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Case Studies: Amazon: Prime mover

Amazon has become the yardstick by which other ecommerce and multichannel retailers measure themselves. It has largely delivered on its mission of becoming the “most customer-centric company on Earth” and enjoys a clear lead in the UK market.

The Amazon Prime subscription initiative is key to brand engagement. It’s hard for outsiders to say how many members have signed up to the service, but what is certain is that this club is getting bigger all the time as perks get more attractive. For their £79 annual subscription, members currently enjoy free delivery, access to the Amazon Pantry grocery delivery service and to a vast library of film, television, ebook and music downloads, including a number of exclusive and hit TV series.

Prime members get exclusive access to deals – both at peak times such as Black Friday and in Amazon’s own Prime Day, held for the first time last year – and they can store videos and photos in Amazon’s cloud.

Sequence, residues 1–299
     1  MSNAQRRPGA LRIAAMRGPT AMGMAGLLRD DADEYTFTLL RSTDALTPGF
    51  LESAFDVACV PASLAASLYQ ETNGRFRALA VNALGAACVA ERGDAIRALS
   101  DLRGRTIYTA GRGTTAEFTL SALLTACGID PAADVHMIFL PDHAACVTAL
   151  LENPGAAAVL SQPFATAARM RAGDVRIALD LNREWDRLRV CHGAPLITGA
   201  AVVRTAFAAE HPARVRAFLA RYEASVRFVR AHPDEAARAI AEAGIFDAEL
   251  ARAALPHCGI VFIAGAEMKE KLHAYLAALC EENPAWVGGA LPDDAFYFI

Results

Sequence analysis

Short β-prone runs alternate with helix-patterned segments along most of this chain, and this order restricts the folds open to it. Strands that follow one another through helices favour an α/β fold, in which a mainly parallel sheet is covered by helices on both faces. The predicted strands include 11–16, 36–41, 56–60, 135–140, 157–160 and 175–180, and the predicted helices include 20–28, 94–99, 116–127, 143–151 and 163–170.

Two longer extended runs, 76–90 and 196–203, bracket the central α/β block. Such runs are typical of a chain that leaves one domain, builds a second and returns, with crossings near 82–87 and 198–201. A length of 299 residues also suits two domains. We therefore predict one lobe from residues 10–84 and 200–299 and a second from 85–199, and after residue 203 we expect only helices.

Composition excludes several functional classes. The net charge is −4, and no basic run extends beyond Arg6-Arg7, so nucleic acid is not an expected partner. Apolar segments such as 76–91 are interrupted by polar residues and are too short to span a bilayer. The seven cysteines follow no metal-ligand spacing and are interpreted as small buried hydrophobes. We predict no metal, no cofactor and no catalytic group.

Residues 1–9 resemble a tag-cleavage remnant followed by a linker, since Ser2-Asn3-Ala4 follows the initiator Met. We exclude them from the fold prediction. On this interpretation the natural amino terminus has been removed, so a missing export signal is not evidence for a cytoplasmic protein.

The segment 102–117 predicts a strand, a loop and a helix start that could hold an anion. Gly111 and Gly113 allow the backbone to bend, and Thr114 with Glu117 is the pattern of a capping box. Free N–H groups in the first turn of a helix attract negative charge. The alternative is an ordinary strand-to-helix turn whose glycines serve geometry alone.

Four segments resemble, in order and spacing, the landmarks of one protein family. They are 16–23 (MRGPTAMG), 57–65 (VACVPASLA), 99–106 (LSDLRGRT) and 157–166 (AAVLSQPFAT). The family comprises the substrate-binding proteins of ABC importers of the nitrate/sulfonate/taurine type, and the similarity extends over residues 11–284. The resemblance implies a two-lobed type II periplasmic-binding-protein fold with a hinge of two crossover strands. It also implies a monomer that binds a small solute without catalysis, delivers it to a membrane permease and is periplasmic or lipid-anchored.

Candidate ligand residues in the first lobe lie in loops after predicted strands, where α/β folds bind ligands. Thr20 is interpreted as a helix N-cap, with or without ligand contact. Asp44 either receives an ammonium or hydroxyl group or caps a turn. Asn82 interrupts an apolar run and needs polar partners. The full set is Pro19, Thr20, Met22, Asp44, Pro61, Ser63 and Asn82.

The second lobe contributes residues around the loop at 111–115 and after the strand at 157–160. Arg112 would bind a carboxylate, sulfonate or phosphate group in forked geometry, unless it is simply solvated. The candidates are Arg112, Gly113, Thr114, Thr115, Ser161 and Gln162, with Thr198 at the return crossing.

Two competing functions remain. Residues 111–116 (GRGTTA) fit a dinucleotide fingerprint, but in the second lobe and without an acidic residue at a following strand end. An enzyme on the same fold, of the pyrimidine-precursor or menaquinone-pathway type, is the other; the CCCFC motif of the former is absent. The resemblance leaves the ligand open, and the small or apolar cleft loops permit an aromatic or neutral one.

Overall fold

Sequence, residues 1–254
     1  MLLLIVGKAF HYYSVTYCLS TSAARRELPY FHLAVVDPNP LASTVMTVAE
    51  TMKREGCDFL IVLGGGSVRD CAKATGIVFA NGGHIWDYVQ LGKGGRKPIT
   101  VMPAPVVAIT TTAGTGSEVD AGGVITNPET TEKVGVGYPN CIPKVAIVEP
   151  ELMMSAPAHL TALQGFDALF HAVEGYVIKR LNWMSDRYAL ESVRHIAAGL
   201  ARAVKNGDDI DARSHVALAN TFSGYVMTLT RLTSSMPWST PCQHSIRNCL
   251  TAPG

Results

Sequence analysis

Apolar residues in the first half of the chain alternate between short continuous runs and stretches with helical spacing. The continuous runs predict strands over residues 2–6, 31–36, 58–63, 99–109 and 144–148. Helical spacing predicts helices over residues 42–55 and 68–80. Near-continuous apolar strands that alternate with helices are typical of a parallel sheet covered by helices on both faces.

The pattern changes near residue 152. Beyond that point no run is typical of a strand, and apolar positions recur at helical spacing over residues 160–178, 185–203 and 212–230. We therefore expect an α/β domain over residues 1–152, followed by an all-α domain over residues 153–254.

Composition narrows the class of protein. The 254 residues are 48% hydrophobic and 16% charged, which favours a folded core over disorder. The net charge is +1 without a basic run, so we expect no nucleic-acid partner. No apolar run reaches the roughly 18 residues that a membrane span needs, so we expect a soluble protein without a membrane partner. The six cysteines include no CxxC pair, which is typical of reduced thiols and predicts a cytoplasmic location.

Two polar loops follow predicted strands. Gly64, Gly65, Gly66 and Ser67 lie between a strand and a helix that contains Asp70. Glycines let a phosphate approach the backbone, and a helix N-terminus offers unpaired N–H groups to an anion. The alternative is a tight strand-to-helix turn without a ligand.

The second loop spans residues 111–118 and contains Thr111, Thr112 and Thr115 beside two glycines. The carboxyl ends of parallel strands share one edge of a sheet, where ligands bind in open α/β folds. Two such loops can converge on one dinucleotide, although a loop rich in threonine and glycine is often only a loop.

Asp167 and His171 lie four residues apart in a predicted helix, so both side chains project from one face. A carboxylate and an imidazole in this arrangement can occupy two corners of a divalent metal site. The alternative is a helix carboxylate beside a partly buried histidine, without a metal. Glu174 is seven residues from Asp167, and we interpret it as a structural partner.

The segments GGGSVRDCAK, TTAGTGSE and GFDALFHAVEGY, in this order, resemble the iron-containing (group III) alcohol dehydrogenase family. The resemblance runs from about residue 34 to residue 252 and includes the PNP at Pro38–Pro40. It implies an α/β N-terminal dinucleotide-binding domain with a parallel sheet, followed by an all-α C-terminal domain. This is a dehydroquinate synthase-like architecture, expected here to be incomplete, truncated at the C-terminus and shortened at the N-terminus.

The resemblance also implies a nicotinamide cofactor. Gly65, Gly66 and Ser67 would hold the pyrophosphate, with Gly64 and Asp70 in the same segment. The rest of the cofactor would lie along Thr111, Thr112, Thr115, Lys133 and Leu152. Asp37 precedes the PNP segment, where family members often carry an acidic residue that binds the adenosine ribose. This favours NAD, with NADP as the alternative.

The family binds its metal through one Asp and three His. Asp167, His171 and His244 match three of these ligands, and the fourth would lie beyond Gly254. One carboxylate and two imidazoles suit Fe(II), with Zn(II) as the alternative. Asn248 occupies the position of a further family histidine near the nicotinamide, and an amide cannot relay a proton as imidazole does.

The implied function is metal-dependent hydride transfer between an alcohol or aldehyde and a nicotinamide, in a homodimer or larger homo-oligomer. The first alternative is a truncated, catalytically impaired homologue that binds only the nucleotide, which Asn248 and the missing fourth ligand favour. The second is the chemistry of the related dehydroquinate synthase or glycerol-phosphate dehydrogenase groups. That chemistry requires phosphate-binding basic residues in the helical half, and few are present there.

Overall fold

It’s an approach that’s working. According to Amazon’s full-year trading update, published in January 2016, Prime membership numbers grew by 51% in 2015. The rate of expansion stood at 47% in the US, and was higher still in other markets. InternetRetailing analysis of Amazon’s social media reach gives an alternative insight: Amazon had 5.5m Facebook Likes at the time of analysis – five times higher than the average for the Top500 – and 40% more monthly posts than the Top500 average.

Amazon has made it as easy as possible for customers to move from thinking about a purchase to making it. Customers engage via the Amazon Wishlist app to scan the barcode of an item to find and then buy the item from Amazon. Alternatively, they can click to buy direct from a tweet. Buying is made easy – and delivery is as fast as possible.

The result is an ease of shopping that goes beyond engagement with the brand, into simply being the easiest and most convenient way to ‘get’ an item. Complex operations lie behind this surface simplicity. A network of logistics hubs enables same-day delivery and collection, while a vast range of inventory, held both in Amazon’s cavernous warehouses and by sellers on its Marketplace, gives it a strong search reach, measured by InternetRetailing Knowledge Partner OneHydra at 40.6%.

Google’s executive chairman Eric Schmidt is on record as naming Amazon as its main competition. “People don’t think of Amazon as search,” he said, back in 2014, “but f you are looking for something to buy, you are more often than not looking for it on Amazon.”

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